Vascularization of the developing chick limb bud: role of the TGFbeta signalling pathway.

Journal of anatomy

PubMedID: 12587924

Vargesson N. Vascularization of the developing chick limb bud: role of the TGFbeta signalling pathway. J Anat. 2003;202(1):93-103.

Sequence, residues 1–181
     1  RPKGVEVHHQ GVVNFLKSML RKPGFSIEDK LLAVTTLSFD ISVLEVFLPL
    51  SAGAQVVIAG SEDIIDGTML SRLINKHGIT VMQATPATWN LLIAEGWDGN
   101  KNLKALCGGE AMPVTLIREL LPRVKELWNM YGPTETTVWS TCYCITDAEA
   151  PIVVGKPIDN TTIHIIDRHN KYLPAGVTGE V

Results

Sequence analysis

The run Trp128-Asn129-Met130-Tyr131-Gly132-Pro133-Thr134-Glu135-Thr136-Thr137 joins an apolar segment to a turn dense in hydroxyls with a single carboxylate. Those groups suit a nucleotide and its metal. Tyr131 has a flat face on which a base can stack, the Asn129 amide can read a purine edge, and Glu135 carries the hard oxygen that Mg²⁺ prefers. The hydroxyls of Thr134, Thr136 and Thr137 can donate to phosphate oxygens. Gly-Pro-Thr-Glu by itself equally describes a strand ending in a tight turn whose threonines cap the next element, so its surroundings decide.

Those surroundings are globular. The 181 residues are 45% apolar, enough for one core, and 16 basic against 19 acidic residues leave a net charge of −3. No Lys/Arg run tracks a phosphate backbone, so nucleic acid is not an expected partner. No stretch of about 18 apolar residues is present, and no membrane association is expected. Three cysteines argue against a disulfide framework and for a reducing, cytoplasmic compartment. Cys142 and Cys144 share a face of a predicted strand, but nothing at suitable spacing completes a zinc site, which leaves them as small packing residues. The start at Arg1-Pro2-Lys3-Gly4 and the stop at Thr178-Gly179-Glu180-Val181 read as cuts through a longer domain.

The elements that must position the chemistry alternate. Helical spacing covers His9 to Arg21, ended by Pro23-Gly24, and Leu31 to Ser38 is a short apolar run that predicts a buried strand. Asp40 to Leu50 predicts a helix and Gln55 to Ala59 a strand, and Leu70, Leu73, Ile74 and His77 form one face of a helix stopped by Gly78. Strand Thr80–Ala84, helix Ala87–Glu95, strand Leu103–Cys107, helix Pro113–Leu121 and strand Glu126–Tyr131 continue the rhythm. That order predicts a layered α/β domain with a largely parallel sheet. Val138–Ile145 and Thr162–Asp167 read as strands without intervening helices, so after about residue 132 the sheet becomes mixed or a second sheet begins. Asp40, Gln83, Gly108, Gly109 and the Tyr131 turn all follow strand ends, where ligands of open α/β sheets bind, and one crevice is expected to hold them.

The developing vertebrate limb has fascinated developmental biologists and theoreticians for decades as a model system for investigating cell fate, cell signalling and tissue interactions. We are beginning to understand the mechanisms and signalling pathways that control and regulate the outgrowth and formation of the limb bud into a differentiated identifiable limb by late embryogenesis. However, the mechanisms underlying the development and maintenance of the vasculature of the developing limb are far from being completely understood. The vasculature supplies oxygen, nutrients and signals to developing tissues, allowing them to develop and grow. Moreover, a lot of evidence recently points to molecules involved in morphological development also controlling vascular development. Thus understanding how the vasculature forms and is patterned in the developing limb may further our understanding of limb development. In this review I outline how blood vessels are formed and maintained and how the developing chick limb is vascularized. I also review the role of the TGFbeta superfamily signalling pathway in the development of the chick limb vasculature: in particular, how antagonizing TGFbeta signalling in the developing chick limb has shed new light on the role vascular smooth muscle cells play in vessel calibre control and how this work has added to our understanding of TGFbeta superfamily signal transduction.